MCS Victims’ Struggles That Most Know Nothing of


For some, living during these times is very complicated and surprisingly dangerous. Multiple Chemical Sensitivities, formally known as MCS, is a condition that numerous people have been struggling with for decades. Sadly, it has reached a level where allergic reactions are leaving people with no choice but to live away from home. 

Studies show several people are living with MCS in the USA, a number that accounts for about 12% of the country’s population. It is associated with symptoms such as headache, body aches, nausea, or fatigue. MCS triggers get activated upon exposure to chemical compounds in a smaller quantity than the levels considered to be harmful.

Health experts are still debating if the condition is a disease or illness and how it’s treatment should be administered. Therefore, people exhibiting symptoms of MCS have only one option; to avoid regions and persons that can potentially trigger the allergic reactions. 

Speaking in Silence, Suffering in Numbers

Countless people over the years have spoken about their struggle with MCS. Unfortunately for some, contraction of the condition grew as they were living at the comfort of their houses. Specialists have not found the science behind the symptoms of MCS.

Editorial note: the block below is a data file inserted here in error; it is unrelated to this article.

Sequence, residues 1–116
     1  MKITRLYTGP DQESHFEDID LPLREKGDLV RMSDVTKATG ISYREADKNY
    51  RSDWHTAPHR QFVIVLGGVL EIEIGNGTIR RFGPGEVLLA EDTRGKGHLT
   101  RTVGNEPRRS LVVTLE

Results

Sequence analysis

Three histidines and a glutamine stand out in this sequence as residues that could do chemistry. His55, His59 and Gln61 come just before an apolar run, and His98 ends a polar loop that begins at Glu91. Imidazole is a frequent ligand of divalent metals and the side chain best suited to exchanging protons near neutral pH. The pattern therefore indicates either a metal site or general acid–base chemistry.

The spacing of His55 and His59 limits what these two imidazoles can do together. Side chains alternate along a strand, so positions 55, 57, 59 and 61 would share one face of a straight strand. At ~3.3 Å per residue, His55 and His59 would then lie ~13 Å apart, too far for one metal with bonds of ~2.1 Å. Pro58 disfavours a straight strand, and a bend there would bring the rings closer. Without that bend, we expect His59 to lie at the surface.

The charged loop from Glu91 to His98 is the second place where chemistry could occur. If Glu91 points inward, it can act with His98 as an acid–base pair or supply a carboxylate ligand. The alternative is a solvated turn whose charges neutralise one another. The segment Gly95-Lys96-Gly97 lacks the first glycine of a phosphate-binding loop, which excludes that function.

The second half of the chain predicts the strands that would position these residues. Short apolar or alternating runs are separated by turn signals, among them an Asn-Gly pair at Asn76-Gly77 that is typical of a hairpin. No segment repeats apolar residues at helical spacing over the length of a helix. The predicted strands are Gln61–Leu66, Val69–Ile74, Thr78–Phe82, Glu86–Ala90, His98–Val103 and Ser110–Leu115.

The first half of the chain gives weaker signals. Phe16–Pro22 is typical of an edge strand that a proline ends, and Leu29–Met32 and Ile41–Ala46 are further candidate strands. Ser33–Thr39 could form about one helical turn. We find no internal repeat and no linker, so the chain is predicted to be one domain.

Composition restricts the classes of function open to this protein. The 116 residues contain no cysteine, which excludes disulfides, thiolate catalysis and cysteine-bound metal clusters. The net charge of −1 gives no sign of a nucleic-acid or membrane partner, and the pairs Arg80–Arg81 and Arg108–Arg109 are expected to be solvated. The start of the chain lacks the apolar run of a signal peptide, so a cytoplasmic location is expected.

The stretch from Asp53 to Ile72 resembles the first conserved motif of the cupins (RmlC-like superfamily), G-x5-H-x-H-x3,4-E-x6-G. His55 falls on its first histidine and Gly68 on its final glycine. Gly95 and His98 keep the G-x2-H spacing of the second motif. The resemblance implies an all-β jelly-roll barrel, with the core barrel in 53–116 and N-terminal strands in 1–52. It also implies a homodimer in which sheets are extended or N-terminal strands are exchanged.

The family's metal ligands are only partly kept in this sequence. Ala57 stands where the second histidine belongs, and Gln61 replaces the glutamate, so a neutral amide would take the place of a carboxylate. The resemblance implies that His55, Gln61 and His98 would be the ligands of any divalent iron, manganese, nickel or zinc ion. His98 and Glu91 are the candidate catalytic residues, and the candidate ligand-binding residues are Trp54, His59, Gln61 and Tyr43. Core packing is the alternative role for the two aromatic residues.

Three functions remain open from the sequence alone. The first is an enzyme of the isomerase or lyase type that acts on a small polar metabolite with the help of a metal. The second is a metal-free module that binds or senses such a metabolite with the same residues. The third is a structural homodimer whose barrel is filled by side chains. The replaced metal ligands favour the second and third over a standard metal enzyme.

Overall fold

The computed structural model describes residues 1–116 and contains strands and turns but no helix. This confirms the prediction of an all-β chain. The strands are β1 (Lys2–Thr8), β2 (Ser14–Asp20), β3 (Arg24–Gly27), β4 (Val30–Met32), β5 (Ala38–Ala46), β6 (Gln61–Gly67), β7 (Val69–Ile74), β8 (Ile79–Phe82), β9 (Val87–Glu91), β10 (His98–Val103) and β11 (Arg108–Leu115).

Jill Iwaskow, one of the victims of the syndrome, said her problems started after the terrorist attacks in September 2001, popularly known as 9/11. She got affected by the cloud of dust covering the region she lived, causing some chemical reactions in her body. 

Doctors diagnosed several allergic reactions, although when she took the prescribed drugs, it got worse. The physicians said she had stress, chronic fatigue and thyroid problems. After numerous hospital visits, they advised her to seek help from psychiatrists. 

Many victims before got convinced MCS is a psychological condition. However, this proves to be false since the treatment that mental specialists have given made things worse. Moreover, chemically sensitive people now have to live in cars or in cabins far away to avoid people with certain perfumes and chemical-filled areas.

It is a sad situation for them to explain their discomfort around persons wearing cologne with chemical compounds that trigger allergies in people with MCS. 

Hope for the Sick

Fortunately, more people every day are getting familiar with the condition. Several support groups continue to get formed based on finding jobs and homes for people riddled with MCS. It is not a permanent solution to the problem though it will come a long way in helping the overwhelmed. 

Massachusetts Association for the Chemically Injured, Inc (MACI), is an example of a non-profit organization supporting people suffering from the syndrome with education and shelter. Such groups are a silver lining to the dark cloud for people like Jill Iwaskow.